Once again one of the most controversial issues in bibliotek blogland is little old me. Everyone is so sweet to keep paying so much attention to me.
I’ve hinted for a while now that the Annoyed Librarian was finally going to be in print – genuine, old fashioned library 1.0 paper – and that day has arrived. There is now a special issue of the Journal of Access Services (Volume 5, Issue 4) devoted to yours truly. You can purchase the volume, or, better yet, just ILL all the articles and distribute the PDFs to your friends. The articles cover a range of standard AL themes, with some new stuff and some stuff from the blog brought together and revised into thematic essays. The final article is completely new, and has little to do with any of the regular themes. "The Regressive Econometrical Confabulations of Accessibility: More Access Means More Work for You" is my contribution to the scholarly library literature. It has endnotes and everything! Now all those library school courses that discuss the Annoyed Librarian (sad, but true; they exist) can assign real articles. Exciting stuff!
My now friend Wayne Bivens-Tatum guest edited the volume and wrote an introductory essay. He’s a real sweetie pie and was a pleasure to work with, so don’t give him too much heat about this. He’s been tortured enough by reading more Annoyed Librarian than any human should have to. (Of course if he hadn’t agreed to this project, I couldn’t have talked him into starting his own blog.)
As usual with all things Annoyed Librarian, the fact that a "peer-reviewed" journal about access services of all things published an entire AL-themed issue has a lot of people steamed. I’d link to some of these people, but they resent me so much I’m sure they would hate it if I directed a lot of traffic to their blogs. It’s the end of peer review and academic standards and the world as we know it! And all that sort of thing. Because of course we all know how great the stuff usually is that appears in these scholarly library journals! Librarians are so stuffy sometimes. I find it amusing to have a scholarly library journal dedicated to a blogger who has made fun of library literature. I get to make fun of library literature from within the library literature. The twists and turns are freaking me out a little bit, but a martini will calm me down and put things into perspective.
Some people are asking the question, Why the heck did a Haworth journal publish a special issue devoted to the AL? That question, I cannot answer. As with LJ, the Journal of Access Services came to me, not I to it. I just do what I do and let the world sit at my feet. Why did I do it? Mostly because I thought it would be funny. I couldn’t imagine anything more absurd than a journal devoted to access services publishing a special issue like this. That should be funny on the face of it, and anyone who doesn’t think so takes this profession way too seriously.
What are the details? It’s a long story.
Take yourself back to November 2006 (I told you this was a long story!). The AL was starting to take off but probably had only a couple hundred regular readers. It had actually just been mentioned in a guest column on "dissident librarians" in American Libraries written by Wayne, which is what brought him to my attention, even though I think he misinterpreted the AL as a "conservative" blog. (Some of you hostile political types might be interested in p. 595 of the journal issue, btw.)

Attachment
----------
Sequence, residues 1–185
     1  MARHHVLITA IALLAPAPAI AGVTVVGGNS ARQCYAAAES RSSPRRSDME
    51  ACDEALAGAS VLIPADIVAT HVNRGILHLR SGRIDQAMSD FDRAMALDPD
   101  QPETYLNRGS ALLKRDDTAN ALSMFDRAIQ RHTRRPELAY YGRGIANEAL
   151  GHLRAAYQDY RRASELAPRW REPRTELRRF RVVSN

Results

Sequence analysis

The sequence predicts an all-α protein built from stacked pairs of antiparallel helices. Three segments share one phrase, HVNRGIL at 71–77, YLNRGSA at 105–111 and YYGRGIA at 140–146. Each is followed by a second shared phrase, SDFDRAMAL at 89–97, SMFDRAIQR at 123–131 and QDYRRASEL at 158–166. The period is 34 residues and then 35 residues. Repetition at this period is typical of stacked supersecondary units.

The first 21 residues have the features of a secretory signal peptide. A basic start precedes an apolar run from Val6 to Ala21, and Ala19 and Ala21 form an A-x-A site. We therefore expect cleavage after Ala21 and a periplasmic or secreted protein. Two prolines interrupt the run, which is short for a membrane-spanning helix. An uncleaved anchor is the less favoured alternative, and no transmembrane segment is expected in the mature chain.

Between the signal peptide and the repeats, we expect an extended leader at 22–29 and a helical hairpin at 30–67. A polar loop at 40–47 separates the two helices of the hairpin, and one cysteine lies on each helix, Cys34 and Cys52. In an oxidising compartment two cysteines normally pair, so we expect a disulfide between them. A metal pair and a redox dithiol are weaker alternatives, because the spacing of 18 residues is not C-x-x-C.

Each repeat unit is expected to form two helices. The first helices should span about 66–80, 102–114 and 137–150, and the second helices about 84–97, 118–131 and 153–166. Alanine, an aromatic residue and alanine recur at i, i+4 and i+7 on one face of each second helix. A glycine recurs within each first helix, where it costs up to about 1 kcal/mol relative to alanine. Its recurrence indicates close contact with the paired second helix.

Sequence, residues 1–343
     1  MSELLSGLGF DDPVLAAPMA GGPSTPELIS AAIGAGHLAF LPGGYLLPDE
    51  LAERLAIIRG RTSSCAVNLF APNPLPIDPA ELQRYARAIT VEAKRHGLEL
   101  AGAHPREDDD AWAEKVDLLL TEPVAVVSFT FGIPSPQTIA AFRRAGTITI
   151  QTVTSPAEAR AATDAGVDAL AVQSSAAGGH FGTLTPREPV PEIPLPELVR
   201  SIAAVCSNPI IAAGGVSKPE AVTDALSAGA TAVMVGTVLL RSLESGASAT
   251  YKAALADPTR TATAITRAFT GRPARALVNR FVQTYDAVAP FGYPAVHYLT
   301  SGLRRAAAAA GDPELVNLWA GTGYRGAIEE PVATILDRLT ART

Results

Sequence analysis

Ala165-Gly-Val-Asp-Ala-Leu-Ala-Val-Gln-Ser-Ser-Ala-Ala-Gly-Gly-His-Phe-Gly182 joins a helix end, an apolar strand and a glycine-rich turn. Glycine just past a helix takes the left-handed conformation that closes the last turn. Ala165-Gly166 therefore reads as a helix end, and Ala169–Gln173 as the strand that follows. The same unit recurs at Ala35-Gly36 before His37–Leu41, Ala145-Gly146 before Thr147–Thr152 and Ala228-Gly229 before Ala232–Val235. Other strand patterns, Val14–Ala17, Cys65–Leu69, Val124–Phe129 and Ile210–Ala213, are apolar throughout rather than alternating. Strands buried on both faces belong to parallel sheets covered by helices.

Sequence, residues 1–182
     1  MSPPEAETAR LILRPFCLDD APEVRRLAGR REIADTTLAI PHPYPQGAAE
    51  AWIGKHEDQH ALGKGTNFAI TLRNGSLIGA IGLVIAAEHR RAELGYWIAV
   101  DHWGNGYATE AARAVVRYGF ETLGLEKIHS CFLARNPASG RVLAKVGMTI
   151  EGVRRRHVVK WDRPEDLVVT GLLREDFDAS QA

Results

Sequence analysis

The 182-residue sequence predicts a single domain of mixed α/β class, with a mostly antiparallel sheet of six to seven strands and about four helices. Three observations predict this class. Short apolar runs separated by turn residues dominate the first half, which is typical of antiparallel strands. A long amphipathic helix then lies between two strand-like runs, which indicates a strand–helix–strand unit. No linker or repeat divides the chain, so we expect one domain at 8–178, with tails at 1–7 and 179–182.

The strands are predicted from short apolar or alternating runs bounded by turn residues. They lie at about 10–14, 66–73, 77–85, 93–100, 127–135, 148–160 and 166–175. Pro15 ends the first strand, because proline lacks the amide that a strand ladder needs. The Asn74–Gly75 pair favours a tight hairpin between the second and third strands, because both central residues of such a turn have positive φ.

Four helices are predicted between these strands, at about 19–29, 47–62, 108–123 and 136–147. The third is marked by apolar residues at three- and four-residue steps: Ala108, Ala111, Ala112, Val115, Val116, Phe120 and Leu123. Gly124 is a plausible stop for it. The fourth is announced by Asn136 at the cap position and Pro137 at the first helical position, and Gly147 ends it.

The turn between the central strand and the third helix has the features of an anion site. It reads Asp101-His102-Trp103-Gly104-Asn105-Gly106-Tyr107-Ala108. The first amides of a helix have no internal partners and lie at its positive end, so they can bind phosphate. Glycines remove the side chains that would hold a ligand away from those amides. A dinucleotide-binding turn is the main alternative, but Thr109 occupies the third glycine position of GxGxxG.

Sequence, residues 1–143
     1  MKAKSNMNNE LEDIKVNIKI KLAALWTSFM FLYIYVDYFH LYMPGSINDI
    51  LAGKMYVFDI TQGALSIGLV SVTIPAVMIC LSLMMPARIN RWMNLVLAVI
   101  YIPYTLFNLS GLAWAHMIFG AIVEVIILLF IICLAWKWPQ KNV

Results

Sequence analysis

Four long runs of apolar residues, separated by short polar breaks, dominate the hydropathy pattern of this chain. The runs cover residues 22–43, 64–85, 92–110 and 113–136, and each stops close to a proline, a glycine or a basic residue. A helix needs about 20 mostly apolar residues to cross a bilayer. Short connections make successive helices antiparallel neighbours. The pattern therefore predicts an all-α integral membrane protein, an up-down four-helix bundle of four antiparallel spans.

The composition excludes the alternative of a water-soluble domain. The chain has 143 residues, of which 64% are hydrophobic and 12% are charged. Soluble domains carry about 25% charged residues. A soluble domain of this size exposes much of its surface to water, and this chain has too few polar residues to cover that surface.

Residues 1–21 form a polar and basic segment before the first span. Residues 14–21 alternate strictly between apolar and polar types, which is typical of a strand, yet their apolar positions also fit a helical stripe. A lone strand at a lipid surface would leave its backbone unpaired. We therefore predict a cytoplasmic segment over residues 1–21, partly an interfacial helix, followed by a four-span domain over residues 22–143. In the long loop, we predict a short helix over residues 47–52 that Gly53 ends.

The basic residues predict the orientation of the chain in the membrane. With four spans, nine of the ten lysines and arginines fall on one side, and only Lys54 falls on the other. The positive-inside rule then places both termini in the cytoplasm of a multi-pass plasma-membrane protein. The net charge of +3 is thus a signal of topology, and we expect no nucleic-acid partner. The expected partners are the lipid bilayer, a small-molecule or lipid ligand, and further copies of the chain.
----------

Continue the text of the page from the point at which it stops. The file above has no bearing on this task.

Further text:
The editor of JAS contacted me and wanted to devote a special issue to the Annoyed Librarian, to do something fresh presumably. Since this was to be a special issue from Haworth, it would also be published as a separate monograph, a habit of Haworth’s that annoyed me until it was going to work to my advantage. I agreed, recruited Wayne to edit, and for the next several months wrote much of the blog with the journal/monograph in mind. Wayne agreed to edit and write the introduction because he thought it was going to be a book and as editor he’d finally get his name in the LC Authority File.
We turned the manuscript in the first week of September 2007. Soon after, Taylor & Francis bought Haworth and suspended the practice of monographic reprints. We were not amused. In the early spring of this year, we heard from an editor at Routledge that they were going to be publishing the monograph. Happy days! Then in August, the same editor wrote that they were reviewing the manuscript again, because someone had finally read it and realized it probably wasn’t a scholarly monograph. Sad days. Then in October Routledge backed out because this clearly wasn’t a scholarly monograph. Sadder days. And now Wayne will never get his name in the LC Authority File until he writes his own damn book.
So there you have it. Much, I am sure, to the chagrin of my critics, the AL now has the imprimatur of a genuine scholarly journal (even if it is just a library journal). And if you think that’s bizarre, you’re absolutely right. The most exciting thing about it is that now I can submit twopointopia and twopointopian to the OED. You see, they only accept words that have appeared in print. One day I want to see those words in the OED, with the "Annoyed Librarian" quoted as the source. That’s even better than the LC Authority File.